The crowd is beginning to test out their powers. The first ‘fails’ are called softly, reluctantly, perhaps not wanting to hurt the players’ feelings. But this ensemble doesn’t want their pity. It’s not about completing their task. It’s about genuinely finding that magic moment. It’s about pushing themselves to higher and higher levels creativity, madness and glorious stupidity. The half-hearted ‘completes’ are rejected by the team. “Oh, that was definitely a fail!” Rik exclaims.
Suddenly they’re really in the groove. Amy and Rik present a a star-crossed couple whose passion seems to rely on their interest in rare coins. Rama sells those never-ending burritos, with fatal consequences. A hairdresser takes revenge on an unfaithful client in the case of ‘The Accidental Mullet’. Jenny is brought back from the dead in ‘I Fought Lightning and Won’, her hair standing wildly on end.
One of the last titles, ‘Magic’, captures the spirit of the whole endeavour. There are three or four quick-fire fails here. Time is running out and the cathartic notion of failure - the big bad wolf that stalks our daily lives – has been fully embraced. Tim and Rik are poking that wolf in the nose, their efforts are almost comically pitiful – Tim pulls a rabbit out of a hat and whispers, ‘magic’! Rik and Amy follow suit ending their tries with the same whisper, now a running gag. The ‘fails’ are gleeful and unanimous. As an antidote, Rama comes to the fore and (accompanied by musical wiz Pan) sings an earnest song about her belief in magic. With a childlike, Artful Dodger accent she implores the crowd to affirm her belief that she can disappear, or find your card, or best of all, fly. Rik counters – magic dreams are futile, gravity and the laws of physics will thwart her every time. But not tonight. Rama rises, her feet leave the floor. She is delirious to have escaped the predictable bounds of this earth. It doesn’t matter that we can see Tim and Jenny lifting her up, we’re with her. We’re flying.
Calamity strikes. Time’s up and there’s still two titles left. Tim is singled out to perform the ‘forfeit’ – a mystery task in a red envelope. His punishment? To ask God to make him a better improviser. He sings a heartfelt plea to God, to be given the gift to “create without fear”. Tim’s prayers are answered not only by God, but also by Vishnu, Buddha, Kanye West and the Easter Bunny. Fear of failure. In impro it’s often unavoidable, even inevitable. But with these playful and dedicated clowns of Impro Melbourne, failure has never been so much fun.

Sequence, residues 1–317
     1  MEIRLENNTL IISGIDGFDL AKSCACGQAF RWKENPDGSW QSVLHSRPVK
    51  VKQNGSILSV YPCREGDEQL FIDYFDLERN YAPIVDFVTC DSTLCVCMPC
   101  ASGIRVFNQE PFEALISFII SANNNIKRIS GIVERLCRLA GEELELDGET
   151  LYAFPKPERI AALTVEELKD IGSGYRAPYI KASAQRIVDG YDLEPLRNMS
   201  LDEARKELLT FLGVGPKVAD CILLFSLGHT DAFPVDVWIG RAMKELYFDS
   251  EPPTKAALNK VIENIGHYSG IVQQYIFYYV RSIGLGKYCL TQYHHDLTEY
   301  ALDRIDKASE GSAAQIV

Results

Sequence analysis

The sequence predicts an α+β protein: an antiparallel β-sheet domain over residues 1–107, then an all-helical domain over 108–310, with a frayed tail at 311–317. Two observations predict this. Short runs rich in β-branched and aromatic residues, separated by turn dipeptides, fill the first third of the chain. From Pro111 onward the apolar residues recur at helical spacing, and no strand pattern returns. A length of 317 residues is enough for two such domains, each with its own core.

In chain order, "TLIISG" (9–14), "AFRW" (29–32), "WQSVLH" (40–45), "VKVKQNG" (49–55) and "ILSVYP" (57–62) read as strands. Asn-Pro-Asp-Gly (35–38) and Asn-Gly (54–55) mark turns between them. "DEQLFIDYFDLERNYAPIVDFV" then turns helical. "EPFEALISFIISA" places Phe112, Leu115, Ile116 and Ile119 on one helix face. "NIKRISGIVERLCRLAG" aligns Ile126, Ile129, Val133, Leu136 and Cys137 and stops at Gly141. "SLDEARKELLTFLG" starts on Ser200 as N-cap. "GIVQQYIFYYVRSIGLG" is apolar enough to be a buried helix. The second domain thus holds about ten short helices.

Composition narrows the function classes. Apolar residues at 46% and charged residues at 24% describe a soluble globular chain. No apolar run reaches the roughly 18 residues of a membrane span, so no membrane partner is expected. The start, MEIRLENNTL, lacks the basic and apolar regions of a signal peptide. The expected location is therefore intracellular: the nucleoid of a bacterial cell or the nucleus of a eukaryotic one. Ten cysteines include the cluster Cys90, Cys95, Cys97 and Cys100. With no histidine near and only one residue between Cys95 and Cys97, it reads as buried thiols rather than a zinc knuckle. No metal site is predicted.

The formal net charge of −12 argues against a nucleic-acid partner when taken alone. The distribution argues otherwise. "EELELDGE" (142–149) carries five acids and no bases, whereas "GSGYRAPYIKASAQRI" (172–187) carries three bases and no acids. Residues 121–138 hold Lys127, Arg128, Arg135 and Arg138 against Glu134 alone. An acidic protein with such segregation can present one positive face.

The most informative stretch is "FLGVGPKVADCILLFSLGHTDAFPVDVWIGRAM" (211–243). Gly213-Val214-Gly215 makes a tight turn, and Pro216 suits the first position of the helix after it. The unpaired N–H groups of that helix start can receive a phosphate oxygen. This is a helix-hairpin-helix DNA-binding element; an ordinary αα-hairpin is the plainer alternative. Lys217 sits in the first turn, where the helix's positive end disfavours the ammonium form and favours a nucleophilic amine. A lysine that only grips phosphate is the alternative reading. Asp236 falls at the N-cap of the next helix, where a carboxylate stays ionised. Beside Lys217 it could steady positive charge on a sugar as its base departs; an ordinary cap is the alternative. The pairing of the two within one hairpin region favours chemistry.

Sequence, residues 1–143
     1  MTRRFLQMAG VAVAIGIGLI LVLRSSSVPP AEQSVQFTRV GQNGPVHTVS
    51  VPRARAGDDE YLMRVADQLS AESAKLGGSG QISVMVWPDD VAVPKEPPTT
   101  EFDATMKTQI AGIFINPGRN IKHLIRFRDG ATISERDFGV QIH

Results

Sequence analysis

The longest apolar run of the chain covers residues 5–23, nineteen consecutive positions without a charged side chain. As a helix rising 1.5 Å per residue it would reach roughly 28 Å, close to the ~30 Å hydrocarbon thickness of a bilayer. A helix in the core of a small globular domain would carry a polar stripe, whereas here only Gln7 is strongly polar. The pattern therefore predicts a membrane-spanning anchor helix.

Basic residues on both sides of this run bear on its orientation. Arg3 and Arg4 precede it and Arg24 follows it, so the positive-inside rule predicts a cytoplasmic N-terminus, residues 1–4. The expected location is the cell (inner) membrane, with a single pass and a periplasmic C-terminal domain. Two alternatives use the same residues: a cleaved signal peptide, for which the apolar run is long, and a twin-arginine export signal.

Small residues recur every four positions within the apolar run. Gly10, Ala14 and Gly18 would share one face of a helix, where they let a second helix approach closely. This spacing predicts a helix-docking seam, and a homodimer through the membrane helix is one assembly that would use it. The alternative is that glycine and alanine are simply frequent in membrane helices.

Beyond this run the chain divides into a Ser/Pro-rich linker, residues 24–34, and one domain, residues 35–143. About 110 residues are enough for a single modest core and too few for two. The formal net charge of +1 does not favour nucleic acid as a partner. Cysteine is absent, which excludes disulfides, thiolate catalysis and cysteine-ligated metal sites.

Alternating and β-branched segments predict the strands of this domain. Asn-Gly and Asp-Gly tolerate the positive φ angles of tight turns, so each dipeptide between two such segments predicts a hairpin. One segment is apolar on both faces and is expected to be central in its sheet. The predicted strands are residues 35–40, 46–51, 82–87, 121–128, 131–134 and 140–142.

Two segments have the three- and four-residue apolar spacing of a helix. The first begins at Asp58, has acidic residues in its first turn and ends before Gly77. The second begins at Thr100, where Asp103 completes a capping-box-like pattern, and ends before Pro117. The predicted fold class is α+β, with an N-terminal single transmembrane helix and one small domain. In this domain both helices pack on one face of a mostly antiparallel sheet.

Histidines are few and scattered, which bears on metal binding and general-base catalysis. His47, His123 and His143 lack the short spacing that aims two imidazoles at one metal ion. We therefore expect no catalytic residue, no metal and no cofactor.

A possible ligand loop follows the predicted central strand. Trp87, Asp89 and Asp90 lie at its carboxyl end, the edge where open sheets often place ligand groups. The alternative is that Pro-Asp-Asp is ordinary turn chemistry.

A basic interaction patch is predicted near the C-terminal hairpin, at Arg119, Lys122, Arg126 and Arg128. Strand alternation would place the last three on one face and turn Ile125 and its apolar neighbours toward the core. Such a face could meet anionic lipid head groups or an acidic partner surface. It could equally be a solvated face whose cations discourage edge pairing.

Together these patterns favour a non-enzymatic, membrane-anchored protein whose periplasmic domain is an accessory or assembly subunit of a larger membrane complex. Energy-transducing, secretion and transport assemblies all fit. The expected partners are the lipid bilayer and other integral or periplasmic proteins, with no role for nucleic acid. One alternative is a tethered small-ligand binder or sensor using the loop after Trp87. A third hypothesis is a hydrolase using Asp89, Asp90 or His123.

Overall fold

Written by Rhys Auteri: member of the Impro Melbourne Rookie company
Book Tickets for the final shows of Grand Theft Impro at the Comedy Festival
After the exhilaration that was Improvention 2016, Melbourne performers could have been forgiven for rugging up and returning to regular life for a week or two. Instead, we were thrilled to welcome a number of Improvention guests who travelled south to see more of the country and share their knowledge and skills with improvisors who couldn’t make it to Canberra
Among our guests were two - Joe Bill and Gary Schwartz - whose own teachers (Del Close and Viola Spolin, respectively) were influential in modern improvisation.
Having two students of these improvisation greats in the same place at the same time was too good an opportunity to miss. A room was booked, the Facebook event created, and on July 13, 2016, a delightful, informal evening of stories was shared. Hosted by Patti Stiles (herself a student of Keith Johnstone), Gary and Joe shared their personal experiences learning from and spending time with Viola and Del. From their class time idiosyncrasies to their bigger inspirations, the insights Gary and Joe shared and the questions they answered opened a small window into the worlds that Viola and Del inhabited, created, and taught in.
Impro Melbourne is excited to share this recording of Joe and Gary’s stories and experiences studying and working with Del Close and Viola Spolin.
Here is the link: An Evening with Joe Bill and Gary Schwatrz